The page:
Europe has a rich tradition of producing bittersweet herbal liquors, originally intended to aid digestion or provide some sort of other health benefit. Campari, Chartreuse and (God help us) Jägermeister belong in this category, for example, and there are many others. The Czech Republic’s most famous example of the genre is Becherovka, invented by a doctor visiting early 19th-century Karlovy Vary, who worked with a local distiller. It was marketed as a remedy for stomach trouble, and in this spa town, where the aristocracy came to “take the waters,” the spirit must have been a pleasurable change of pace from the sulfurous stuff percolating up from the hot springs.
Becherovka, named after the distiller Jan Becher, became a success. The Becher family built a large distillery near the confluence of the Teplá and Ohře rivers in the heart of Karlovy Vary. After World War II, the communists seized the secret recipe, which calls for approximately 20 herbs and spices, as well as the distillery, but Hedda Becher started producing an identical spirit in West Germany. The company returned to private hands in 2001 and is now owned by Pernod Ricard. In 2010, Becherovka opened a larger distillery in the Karlovy Vary suburbs and turned the original factory into Becherplatz, a mixed-use space with shops, restaurants and a Becherovka museum.
The museum tour — it can only be visited on a guided tour, reserved in advance — ranged between informative and silly. One hands-on exhibit was a video game involving sugar cubes in a maze, for example. But I did enjoy learning more about the beverage’s history and, of course, the tasting at the end.
Becherovka Original has fresh and bitter herbaceous notes, as well as warm flavors of cinnamon, clove and orange peel, giving it a wonderful Christmasy feel. I have long been a Becherovka fan, often drinking a little neat and chilled after dinner, or in a Beton, a simple cocktail of Becherovka and tonic.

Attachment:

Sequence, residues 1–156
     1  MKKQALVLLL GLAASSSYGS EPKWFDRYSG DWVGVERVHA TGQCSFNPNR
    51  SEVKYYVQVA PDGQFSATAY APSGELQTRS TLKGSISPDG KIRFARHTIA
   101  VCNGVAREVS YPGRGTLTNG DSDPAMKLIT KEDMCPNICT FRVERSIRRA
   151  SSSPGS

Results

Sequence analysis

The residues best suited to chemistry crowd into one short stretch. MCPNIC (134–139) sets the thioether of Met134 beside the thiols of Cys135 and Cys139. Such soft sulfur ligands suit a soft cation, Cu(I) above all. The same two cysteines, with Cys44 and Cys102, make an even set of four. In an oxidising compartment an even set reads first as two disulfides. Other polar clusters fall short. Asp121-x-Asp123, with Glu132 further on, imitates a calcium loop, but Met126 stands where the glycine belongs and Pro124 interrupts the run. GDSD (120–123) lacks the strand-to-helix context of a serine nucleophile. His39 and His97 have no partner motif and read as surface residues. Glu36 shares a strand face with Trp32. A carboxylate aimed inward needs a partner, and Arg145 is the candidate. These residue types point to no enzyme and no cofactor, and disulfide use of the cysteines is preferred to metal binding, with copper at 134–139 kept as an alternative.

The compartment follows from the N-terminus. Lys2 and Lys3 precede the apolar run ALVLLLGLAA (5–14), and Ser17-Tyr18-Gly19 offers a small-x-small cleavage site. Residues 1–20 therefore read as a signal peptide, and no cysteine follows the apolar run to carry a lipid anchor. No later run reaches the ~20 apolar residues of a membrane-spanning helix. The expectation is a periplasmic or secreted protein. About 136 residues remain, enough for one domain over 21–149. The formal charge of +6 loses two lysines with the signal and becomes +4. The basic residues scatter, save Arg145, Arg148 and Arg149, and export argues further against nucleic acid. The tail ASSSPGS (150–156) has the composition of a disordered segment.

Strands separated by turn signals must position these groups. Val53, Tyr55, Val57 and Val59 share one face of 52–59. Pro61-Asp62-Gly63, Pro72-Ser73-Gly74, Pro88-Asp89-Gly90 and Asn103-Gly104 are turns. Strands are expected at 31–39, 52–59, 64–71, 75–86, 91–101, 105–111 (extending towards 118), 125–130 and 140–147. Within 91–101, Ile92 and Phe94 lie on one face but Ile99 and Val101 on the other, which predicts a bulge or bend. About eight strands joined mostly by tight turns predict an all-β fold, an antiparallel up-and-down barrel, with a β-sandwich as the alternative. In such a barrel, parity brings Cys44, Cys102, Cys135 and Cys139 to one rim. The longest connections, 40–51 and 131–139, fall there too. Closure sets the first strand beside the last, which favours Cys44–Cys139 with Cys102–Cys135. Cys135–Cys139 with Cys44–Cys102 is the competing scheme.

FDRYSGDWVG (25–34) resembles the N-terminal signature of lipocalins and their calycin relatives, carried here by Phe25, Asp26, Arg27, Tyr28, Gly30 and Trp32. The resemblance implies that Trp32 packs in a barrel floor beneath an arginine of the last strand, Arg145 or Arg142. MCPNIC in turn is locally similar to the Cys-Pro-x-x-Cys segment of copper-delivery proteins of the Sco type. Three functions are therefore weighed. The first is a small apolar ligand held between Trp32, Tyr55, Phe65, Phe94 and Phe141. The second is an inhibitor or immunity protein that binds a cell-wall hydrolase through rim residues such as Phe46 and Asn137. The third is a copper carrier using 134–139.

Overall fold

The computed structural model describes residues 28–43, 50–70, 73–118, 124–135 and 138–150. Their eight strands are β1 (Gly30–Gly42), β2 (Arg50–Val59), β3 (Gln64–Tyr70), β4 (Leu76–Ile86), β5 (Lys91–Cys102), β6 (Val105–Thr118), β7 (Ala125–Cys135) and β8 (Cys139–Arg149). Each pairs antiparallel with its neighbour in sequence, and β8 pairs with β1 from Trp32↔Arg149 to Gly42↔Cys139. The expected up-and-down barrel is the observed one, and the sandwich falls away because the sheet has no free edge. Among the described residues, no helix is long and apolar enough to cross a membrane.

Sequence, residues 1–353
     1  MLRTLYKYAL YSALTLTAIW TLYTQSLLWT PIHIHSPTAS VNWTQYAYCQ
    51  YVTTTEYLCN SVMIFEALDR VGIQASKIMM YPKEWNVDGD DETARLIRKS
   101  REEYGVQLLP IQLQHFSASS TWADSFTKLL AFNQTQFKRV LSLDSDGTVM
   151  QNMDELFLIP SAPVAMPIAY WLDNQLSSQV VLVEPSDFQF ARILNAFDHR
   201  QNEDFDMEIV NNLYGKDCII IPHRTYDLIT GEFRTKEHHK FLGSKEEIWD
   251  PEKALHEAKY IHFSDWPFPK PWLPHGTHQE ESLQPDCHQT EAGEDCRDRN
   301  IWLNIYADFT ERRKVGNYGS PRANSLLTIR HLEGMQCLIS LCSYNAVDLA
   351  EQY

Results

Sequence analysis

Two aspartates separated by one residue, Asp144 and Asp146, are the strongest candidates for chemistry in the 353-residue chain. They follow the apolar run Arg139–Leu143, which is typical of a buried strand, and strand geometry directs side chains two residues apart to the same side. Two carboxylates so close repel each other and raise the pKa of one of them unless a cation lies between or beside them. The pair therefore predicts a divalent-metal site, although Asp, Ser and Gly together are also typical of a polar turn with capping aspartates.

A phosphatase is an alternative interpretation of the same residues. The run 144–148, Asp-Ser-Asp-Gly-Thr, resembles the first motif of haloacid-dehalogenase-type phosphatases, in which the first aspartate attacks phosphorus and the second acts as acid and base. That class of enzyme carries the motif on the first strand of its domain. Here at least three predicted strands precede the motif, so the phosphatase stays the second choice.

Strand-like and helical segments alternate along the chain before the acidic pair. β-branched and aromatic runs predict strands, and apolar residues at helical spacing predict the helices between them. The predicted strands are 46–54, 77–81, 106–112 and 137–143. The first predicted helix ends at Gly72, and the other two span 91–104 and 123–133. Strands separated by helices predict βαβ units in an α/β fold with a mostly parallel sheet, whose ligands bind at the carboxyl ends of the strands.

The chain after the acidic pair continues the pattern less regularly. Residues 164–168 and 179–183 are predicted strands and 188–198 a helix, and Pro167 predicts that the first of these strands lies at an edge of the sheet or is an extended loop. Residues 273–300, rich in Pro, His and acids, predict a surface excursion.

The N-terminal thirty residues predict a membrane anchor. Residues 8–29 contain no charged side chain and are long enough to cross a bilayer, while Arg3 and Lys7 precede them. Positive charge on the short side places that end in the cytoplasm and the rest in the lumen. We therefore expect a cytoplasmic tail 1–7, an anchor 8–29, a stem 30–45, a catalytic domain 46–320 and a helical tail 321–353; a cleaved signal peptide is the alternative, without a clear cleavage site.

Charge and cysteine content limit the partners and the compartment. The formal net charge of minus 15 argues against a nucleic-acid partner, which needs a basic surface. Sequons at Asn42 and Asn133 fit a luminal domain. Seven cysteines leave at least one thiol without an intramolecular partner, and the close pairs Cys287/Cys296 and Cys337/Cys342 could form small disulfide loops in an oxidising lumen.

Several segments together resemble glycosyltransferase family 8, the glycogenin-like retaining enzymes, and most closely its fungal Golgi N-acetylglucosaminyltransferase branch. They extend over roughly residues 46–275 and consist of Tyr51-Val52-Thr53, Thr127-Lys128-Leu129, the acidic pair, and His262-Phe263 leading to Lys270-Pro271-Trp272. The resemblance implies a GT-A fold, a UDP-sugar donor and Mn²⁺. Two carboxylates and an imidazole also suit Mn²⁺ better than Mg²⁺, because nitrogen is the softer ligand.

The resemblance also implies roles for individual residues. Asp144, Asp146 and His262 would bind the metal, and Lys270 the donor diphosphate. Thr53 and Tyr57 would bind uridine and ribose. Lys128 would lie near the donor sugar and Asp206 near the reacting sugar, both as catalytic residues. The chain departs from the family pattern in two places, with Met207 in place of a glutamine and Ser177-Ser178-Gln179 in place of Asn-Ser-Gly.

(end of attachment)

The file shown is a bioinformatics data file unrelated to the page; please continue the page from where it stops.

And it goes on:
Becherovka Original is exported to the United States, but we also sampled some harder-to-find products. The Becherovka Lemond felt like a cross between limoncello and Becherovka, and it struck me as a simplification. I preferred the KV14, which resembled a very strong (80 proof) and dry red vermouth, with red fruit flavors overlaid by bright herbs. I also enjoyed the Cordial, made with linden-flower extract and white wine. Cinnamon and some herbaceous sharpness cut through its sweetness, as did its hefty alcohol content. I would love to try it mixed with sparkling wine, like a Czech Kir Royale. And I was able to try a new product unveiled in 2019, an unfiltered version of Becherovka. It had essentially the same flavor profile as the original, but with a more palpable texture and an extra helping of cinnamon.
Even if you’re not interested enough in Becherovka to bother with the 45- to 60-minute museum tour, I do recommend visiting the gift shop. Pick up a bottle of the unfiltered, which you won’t find in the U.S., and the KV14. The latter is fun to use in Manhattans, making them with four parts bourbon or rye, one part sweet vermouth and one part KV14. If, on the other hand, you’re a Becherovka devotee, consider a two-hour tour of its suburban distillery, possible only on Tuesdays.